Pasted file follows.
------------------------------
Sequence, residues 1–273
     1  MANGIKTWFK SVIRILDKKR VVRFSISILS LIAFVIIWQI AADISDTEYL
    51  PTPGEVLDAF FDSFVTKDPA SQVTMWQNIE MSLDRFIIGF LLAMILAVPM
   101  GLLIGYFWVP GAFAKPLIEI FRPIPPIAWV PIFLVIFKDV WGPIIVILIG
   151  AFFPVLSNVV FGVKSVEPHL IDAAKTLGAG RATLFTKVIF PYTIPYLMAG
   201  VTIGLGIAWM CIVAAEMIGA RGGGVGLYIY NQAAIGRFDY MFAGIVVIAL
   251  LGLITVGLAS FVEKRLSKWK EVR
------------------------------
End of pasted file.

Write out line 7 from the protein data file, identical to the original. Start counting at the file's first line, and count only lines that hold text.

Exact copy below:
   251  LGLITVGLAS FVEKRLSKWK EVR